• Course Schedule

    Interested in hosting a course? Please send me an email and we can talk  greglehmanphysio@gmail.com The following course schedule details the two courses I am currently teaching.  One is the Physiofundamentals: Reconciling Biomechanics with Pain Science and the other is The New Trends in Running Injury Prevention from therunningclinic.ca.  Please note, I can not schedule […]

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  • Big Changes and a New Website

    I am finally teaching again.  I have developed a new course that aims to help therapists, strength coaches, personal trainers and kinesiologists integrate pain science with biomechanics.  Its very easy to critique the typical biomechanical approach to treating and preventing injuries and I think it often leaves people feeling frustrated and confused.  Along with other […]

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  • Your cranky nerves: A primer for patients to understand pain

    Audience: Patients with any type of pain or injury Purpose: to learn a little about pain and convince you that pain is not in your head even though your brain plays a big role Why? Understanding pain helps decrease pain and helps us make better choices in the treatment of injury Some brief pain information tidbits you don't need a leg to feel pain in that leg (e.g. phantom limb pain) you always need a Brain to feel pain pain can become a habit - and like all habits lots of factors help keep it going Changes in how we feel pain can also come from changes in the brain and the nervous system tissue damage or degeneration does not have to lead to pain - but it certainly can

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  • human brain on a running machine

    Core stability and low back pain: How stability exercises might help. Part Two

    In part one of this post I very simple reviewed some of the ideas behind core stability and how I questioned their relevance to a patient's pain presentation.  In this follow up post I will briefly review how people with pain have different function than those without pain and give an opinion on how core 'stability" exercises may help with patients in pain in a manner that has nothing to do with stabilizing the spine.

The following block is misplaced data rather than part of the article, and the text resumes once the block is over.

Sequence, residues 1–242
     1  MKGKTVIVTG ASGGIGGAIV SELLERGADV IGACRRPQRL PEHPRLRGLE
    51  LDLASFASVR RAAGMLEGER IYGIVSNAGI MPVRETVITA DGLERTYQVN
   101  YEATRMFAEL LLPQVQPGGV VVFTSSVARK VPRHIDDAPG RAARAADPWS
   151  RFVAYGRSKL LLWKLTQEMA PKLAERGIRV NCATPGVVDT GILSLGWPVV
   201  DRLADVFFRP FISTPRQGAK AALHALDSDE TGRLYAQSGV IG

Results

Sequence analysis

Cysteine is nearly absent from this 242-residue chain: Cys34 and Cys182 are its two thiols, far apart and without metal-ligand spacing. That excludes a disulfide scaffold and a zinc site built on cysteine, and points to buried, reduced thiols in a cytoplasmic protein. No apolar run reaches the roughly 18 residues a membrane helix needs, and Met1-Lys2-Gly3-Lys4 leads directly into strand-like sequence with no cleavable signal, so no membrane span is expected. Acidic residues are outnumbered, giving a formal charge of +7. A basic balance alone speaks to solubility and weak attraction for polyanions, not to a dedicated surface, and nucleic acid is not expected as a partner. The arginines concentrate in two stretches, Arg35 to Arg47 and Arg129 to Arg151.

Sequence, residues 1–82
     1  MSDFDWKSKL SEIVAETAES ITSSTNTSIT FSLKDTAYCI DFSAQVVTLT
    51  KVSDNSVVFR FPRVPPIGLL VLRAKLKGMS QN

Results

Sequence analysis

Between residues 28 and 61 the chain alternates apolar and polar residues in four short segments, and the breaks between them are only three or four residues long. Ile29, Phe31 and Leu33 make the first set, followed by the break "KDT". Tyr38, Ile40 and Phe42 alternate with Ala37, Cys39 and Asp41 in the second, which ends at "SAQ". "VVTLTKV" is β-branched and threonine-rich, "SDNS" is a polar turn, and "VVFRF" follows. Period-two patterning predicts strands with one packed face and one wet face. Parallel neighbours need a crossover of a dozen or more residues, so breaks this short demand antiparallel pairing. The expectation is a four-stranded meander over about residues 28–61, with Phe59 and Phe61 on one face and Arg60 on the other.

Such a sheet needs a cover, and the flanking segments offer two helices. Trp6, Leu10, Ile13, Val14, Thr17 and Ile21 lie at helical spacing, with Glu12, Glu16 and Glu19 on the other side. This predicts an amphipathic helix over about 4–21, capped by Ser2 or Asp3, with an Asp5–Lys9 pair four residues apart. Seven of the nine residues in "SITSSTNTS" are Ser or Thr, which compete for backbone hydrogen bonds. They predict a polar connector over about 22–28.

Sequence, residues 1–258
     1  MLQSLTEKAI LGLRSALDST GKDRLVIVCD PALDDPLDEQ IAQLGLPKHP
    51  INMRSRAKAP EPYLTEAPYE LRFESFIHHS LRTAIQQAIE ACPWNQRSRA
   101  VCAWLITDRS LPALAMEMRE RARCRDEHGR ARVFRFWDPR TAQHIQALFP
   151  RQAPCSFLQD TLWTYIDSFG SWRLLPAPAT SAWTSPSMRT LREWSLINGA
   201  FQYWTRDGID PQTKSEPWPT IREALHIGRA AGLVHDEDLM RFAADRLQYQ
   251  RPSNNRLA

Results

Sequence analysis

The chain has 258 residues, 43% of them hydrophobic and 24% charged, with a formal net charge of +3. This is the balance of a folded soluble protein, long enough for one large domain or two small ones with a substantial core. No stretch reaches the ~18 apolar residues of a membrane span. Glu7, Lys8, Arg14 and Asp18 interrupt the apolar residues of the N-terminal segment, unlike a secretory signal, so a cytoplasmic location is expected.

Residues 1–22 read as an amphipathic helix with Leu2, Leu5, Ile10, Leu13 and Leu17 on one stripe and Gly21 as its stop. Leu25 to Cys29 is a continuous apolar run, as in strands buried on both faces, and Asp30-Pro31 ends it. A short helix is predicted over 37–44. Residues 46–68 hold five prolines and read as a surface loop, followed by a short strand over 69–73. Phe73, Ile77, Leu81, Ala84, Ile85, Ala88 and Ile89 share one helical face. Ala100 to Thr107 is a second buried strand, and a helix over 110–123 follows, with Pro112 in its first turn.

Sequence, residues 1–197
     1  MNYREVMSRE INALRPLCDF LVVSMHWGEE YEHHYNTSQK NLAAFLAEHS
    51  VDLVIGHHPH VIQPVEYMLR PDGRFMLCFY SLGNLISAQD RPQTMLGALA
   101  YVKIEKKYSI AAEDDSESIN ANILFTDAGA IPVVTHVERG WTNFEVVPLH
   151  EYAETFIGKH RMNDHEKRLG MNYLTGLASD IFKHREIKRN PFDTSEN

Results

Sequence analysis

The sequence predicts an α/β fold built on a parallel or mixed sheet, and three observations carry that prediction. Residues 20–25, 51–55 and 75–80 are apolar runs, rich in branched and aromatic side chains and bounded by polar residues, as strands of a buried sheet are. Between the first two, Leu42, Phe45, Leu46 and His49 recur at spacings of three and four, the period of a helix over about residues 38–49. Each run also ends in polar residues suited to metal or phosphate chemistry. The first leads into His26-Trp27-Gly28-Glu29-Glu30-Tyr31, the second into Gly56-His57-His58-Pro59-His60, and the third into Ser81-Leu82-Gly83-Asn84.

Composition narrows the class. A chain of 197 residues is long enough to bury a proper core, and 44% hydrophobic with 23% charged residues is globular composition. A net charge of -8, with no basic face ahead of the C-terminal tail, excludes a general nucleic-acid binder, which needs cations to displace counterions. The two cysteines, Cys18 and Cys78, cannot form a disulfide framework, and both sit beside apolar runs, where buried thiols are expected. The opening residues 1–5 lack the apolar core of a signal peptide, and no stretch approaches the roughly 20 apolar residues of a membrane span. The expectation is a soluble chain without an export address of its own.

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  • Core stability and pain: Is it time to stop using the word stability to explain pain?

    Purpose: To cherry pick a few research articles to suggest that even though our knowledge of core stability is very impressive its link to pain is poor. Nutshell summary: People in pain have spines that function differently than those not in pain.  Many treatments can influence pain.  The spine stability model of low back pain does not explain how people have pain and takes an overly mechanical view of the pain experience.  No test has ever shown that a spine is unstable or how "increasing stability" would lead to a decrease in pain.  Thinking that our spines need more stability or control may be the completely wrong path in explaining how people have pain or how our exercises help them.   Our treatment "corrections" occur not via one specific "corrective" mechanism (e.g. improving stability) but rather through global non-specific mechanisms that our better explained by our understanding of pain neuroscience.  Making the shift from believing that "stability" is the issue with pain can thus free up to choose completely different exercise programs.  Exercise and treatment prescription thus become simpler.  We have preliminary evidence to support this view with the clinical studies that show benefits with the various exercise conditioning programs that train different schools of thought on stability or the just as effective programs that completely ignore any concepts of stability.

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